Accy 171 Ch 1 Intro

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Accy 171 Ch 1 Intro
2013-09-15 15:08:49
Accy 171 Intro

Accy 171 Ch 1 Intro
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  1. 2 components to a taxes
    tax rate and a tax base
  2. Tax liability computed
    multiplying the tax rate and tax base
  3. what are the 4 kinds of tax bases most taxes are levied on?
    • 1. Transactions (sales, transfers of wealth)
    • 2. Property or wealth
    • 3. Privileges and rights (ability to do bus as corp, right to work in certain professions, ability to move goods between countries)
    • 4. Income on a gross or net of expense basis.
  4. 3 types of transaction taxes
    • 1. sales and certain excise taxes
    • 2. employment taxes
    • 3. taxes on transfers of wealth
  5. What are the taxes on the production of the sales of goods?
    • 1. Sales tax (broad based)
    • 2. Excise tax (limited to a specific kind of good or service.
    • Federal Excise: customs duties, 3% of US revenues. Trucks, tires, tabacco, firearms, certain sporting equip, air travel.
    • State Excise: mostly the same as federal. inc hotel, transfer of property, stocks
    • Local Excise: Hotels, rental care.. finances special projects that generate civic pride
    • General Sales Tax: broad based is major source of $ for state and local. Proportional tax rate. some exempt food and meds
    • Use taxes: value based tax
    • Value Added Taxes: tax added at the production level
  6. What are the various Employment taxes?
    • FICA: 2 components.. old age, survivors , and disability insurance payments SS. & Medicare health insurance payments. Medicare is 1.45% to both. 2013 both employee and employer both pay 6.2% for SSI. Employers must file Form 941.
    • Federal Estate Tax: objective to not keep large amnts of wealth within one family for many generations. Starts at gross estate, deductions of taxable estate, range from 18-35%. Spouses can share 10 million exclusion. First 5 mill excluded from estate tax with 35% of excess.
    • State Taxes at Death: depends on how close you are to decedent, and some states don't tax spouse.
    • Gift Tax: during life
  7. Property Taxes
    • Taxes on realty: ad velorem (value based in some cases). Fed govt property exempt, lower valuations on ag property, some states exempt home, lower taxes to over 65 yrs old in some cases, tax holiday to new business.
    • Taxes on Personalty: inc all assets that not realty. Business use or personal use. ExL Home (person use), office building (business use), casual clothing (personal use personalty) tangible and intangible like stocks and bonds.
  8. Taxes on Privileges and Rights
    • Usually considered excise taxes
    • Federal Customs Duties: acct for only 1% towards revenue.
    • Franchise Taxes and Occupational Taxes: privilege of doing business in a state or local jurisdiction. imposed typically on corporations. Occupational are liquor licenses, taxicab permits, fee to profession are usually to law, medicine or accounting.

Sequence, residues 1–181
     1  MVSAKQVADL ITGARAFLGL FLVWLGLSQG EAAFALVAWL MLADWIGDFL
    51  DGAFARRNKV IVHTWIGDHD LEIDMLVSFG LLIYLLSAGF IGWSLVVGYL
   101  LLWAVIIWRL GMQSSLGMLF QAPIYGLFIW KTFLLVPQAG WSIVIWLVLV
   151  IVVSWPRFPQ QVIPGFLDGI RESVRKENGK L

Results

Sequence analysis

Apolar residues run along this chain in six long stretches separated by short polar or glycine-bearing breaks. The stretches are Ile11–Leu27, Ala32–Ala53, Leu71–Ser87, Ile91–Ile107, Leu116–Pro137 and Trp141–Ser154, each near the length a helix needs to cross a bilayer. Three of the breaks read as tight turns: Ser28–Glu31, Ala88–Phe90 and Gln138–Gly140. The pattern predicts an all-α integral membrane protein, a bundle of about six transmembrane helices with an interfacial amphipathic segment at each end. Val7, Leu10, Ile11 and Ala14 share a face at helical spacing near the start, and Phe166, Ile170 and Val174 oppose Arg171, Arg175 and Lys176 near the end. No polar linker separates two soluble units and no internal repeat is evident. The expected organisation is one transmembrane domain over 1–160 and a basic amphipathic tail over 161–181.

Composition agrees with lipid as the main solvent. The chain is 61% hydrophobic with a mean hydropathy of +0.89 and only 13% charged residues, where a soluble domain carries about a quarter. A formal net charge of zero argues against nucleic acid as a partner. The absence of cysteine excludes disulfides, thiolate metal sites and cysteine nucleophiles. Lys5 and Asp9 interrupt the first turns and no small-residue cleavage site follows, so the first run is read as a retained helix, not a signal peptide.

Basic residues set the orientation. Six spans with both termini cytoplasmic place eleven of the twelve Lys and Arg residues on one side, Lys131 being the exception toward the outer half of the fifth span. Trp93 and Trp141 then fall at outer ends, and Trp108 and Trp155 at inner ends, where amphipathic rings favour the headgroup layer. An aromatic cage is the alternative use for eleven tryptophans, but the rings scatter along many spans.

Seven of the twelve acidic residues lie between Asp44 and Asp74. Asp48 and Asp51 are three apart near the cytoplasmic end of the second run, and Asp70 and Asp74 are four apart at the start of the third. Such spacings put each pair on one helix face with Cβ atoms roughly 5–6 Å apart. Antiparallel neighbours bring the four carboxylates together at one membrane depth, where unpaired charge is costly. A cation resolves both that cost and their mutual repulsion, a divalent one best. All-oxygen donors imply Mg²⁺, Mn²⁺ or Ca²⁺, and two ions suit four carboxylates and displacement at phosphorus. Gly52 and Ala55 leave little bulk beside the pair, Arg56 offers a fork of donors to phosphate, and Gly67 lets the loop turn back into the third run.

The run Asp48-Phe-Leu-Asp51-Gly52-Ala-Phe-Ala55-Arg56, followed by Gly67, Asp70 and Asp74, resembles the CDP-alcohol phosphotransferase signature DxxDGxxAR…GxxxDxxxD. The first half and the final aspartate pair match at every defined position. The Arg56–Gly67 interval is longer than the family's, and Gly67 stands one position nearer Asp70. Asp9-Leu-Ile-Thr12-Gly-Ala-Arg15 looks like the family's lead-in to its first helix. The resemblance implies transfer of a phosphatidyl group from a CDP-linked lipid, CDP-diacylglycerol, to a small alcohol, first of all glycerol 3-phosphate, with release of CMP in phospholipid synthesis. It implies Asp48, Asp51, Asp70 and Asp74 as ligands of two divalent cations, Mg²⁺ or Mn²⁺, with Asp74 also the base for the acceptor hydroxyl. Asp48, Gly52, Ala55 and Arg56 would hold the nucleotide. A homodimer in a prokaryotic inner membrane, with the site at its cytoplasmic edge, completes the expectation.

• Severance Taxes: based on the extraction of natural resources.
  9. Income Taxes
    • Imposed on individuals, corps, and certain fiduciaries (estates and trusts). Withholding requirements
    • The Structure of the Federal Income Tax: based on doctrine "legislative grace" that all income is subject to tax and no deductions unless allowed by law. Income taxes are progressive. Corporations/estates range. between 15-35%
    • Basic formula:
    • Income                   $xx
    • Less: Exclusions     $(xx)
    • Gross income            xx
    • Less deductions      $(xx)
    • Taxable income       $xxx
    • Federal income tax on taxable income xx
    • Less tax credits        (xx)
    • Tax owed or refund   $xx
    • Deductions: separated 2 cats. for AGI (business) and deductions from AGI (personal).
    • State Income Taxes: Except: AK, FL, NV, SD, TX, WA, WY.
    • Local Income Taxes: designed to collect contributions for government services from those who live in the suburbs but work in the city as well.
  10. Proprietorships
    not a separate taxable entity. reports net profits of the business on their own individual tax return. Reports a Sch C (profit or loss from business) and net profit or loss on 1040
  11. Corporations
    Some corps pay tax on corporate taxable income, while others don't. Referred to as C corporations because they are governed by Subchapter C of the internal Revenue Code. Corps that meet the requirement and pay no taxes are referred to as S corporation and governed by Subchapter S. C corps must file a tax return. Shareholders pay income tax on dividends. DOUBLE TAXATION
  12. Partnerships
    separate taxable entity. required to file a Form 1065 which summarizes the financial results of a business. then reports their share of net income or loss
  13. S Corporations
    • Like C for all non tax purposes. Shareholders have limited liability.
    • Like partnership regarding taxation. Subjects to federal income tax. Files a Form 1120S
  14. Limited Liability Companies and Limited Liability Partnerships
    LLCs and LLPs offer some limited liability and some of the corporations non tax benefits. Both are treated as partnerships for tax purposes.
  15. Tax Planning
    Page 121
  16. Deduction
    reduces the taxpayers taxable income
  17. credit
    reduces the tax liability dollar for dollar and is not affected by the taxpayers tax rate